Jan. 14 (Bloomberg) -- U.S. stock-index futures rose, following the biggest drop in two months for the Standard & Poor’s 500 Index, as retail sales advanced more than forecast in December and investors weighed earnings from major banks.
Time Warner Cable Inc. gained 1.5 percent after rejecting an acquisition offer from Charter Communications Inc. Google Inc. added 1.4 percent after saying it will buy digital- thermostat maker Nest Labs Inc. for $3.2 billion in cash. JPMorgan Chase & Co. rose 0.5 percent while Wells Fargo & Co. dropped 0.4 percent after reporting fourth-quarter results.
S&P 500 futures expiring in March added 0.2 percent to 1,818.6 at 8:34 a.m. in New York. Contracts on the Dow Jones Industrial Average gained 28 points, or 0.2 percent, to 16,242 today.
“The earnings season is upon us, and that will be driving markets,” said Andreas Nigg, head of equity and commodity strategy at Vontobel Asset Management in Zurich. “Equities in developed markets had a very good year and valuation is no longer cheap. However, alternatives such as fixed income do not appear more attractive either, and this is a dilemma investors are dealing with at the moment.”
The S&P 500 fell 1.3 percent yesterday, the most since November. The benchmark index has dropped 1.6 percent so far in January for the worst start to a year since 2009, as investors weighed valuations after a 30 percent rally last year that sent the gauge to a record.
The S&P 500 trades at 15.4 times the estimated earnings of its members, more than the average multiple of 14.1 over the last five years, data compiled by Bloomberg show. The gauge ended 2013 at its highest valuation since the end of 2009.
Wells Fargo and JPMorgan are among companies reporting financial results today. Bank of America Corp., Citigroup Inc. and Goldman Sachs Group Inc. report later this week. Earnings for companies in the index probably climbed 4.9 percent on average in the fourth quarter, while sales probably increased 1.8 percent, according to analyst estimates compiled by Bloomberg.
U.S. retail sales increased 0.2 percent after a 0.4 percent advance in November that was smaller than previously reported, Commerce Department figures showed today in Washington. The median forecast of 86 economists surveyed by Bloomberg called for a 0.1 percent gain. Excluding cars, demand jumped by the most in almost a year.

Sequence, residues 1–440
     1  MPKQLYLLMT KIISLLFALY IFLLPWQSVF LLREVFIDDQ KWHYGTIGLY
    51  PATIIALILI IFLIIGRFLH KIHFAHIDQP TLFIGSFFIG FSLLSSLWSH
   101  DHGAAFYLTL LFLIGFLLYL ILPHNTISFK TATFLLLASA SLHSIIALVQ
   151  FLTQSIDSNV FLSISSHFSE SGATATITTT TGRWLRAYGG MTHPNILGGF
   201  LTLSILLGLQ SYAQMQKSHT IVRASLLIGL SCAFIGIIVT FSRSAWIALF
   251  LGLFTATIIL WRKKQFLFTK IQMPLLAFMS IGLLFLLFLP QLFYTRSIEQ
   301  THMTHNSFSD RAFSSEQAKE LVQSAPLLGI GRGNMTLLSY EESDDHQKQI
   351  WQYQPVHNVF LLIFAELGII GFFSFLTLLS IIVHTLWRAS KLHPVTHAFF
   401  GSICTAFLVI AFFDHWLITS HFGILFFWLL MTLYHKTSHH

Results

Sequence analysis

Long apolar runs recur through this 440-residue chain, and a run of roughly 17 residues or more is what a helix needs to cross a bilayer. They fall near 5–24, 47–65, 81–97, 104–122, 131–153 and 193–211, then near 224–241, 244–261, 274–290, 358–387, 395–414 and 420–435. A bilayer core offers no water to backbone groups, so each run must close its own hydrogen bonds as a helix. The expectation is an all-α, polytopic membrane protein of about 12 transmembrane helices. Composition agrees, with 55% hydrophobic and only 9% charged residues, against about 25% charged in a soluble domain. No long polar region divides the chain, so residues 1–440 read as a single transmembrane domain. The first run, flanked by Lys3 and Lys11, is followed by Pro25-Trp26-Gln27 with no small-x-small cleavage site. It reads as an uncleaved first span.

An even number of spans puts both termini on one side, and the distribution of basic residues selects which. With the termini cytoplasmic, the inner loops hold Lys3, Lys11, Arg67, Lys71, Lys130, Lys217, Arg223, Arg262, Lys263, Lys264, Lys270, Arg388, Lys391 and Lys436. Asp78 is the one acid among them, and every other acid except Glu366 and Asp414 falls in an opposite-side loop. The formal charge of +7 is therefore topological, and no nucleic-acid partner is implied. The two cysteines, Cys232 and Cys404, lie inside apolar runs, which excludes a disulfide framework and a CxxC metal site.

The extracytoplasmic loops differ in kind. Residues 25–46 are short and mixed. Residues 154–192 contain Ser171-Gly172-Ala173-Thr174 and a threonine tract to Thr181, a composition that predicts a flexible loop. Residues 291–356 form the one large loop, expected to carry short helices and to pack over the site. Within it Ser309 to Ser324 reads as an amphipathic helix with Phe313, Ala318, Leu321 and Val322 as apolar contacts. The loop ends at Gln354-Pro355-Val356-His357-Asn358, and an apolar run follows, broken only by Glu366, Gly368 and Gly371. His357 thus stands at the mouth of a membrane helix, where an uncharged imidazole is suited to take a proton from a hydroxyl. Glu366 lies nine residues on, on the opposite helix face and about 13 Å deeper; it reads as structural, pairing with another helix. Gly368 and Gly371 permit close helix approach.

Investors are watching economic data for signals on the pace of Federal Reserve stimulus cuts. Three rounds of monetary stimulus from the Fed have helped push the S&P 500 higher by 169 percent from a 12-year low in 2009. The Fed, which next meets Jan. 28-29, last month announced a reduction in its monthly bond-buying program, citing a recovery in the labor market.
The S&P 500 increased on Jan. 10 after a report from the Labor Department showed employment rose in December at the slowest pace in almost three years. The data ended months of improving job growth that had signaled the world’s largest economy was picking up.
Stocks extended declines yesterday after Fed Bank of Atlanta President Dennis Lockhart said weak payroll growth last month shouldn’t discourage policy makers from reducing monthly bond purchases as long as the economy continues to gain strength.
Time Warner Cable rose 1.5 percent to $134.35 today. The broadband-service provider’s chief executive officer, Rob Marcus, called Charter’s $132.50-a-share bid a “low-ball offer.” He spoke in an interview yesterday. The proposal included about $83 cash per share and about $49.50 in stock. Excluding debt, the deal would have been worth $37.3 billion.
Google gained 1.4 percent to $1,138.51. The owner of the most popular Internet-search engine yesterday said it’s buying Nest Labs for $3.2 billion in cash. The purchase of Nest, led by former Apple Inc. executive Tony Fadell, brings Web-connected devices to Google.
JPMorgan rose 0.5 percent to $57.99. Quarterly profit fell 7.3 percent on $2.6 billion of settlements tied to Bernard Madoff’s Ponzi scheme as rising legal costs ended the firm’s three-year streak of record annual earnings.
Wells Fargo fell 0.4 percent to $45.38. The largest U.S. home lender posted record fourth-quarter and full-year profit as expense cuts bolstered results.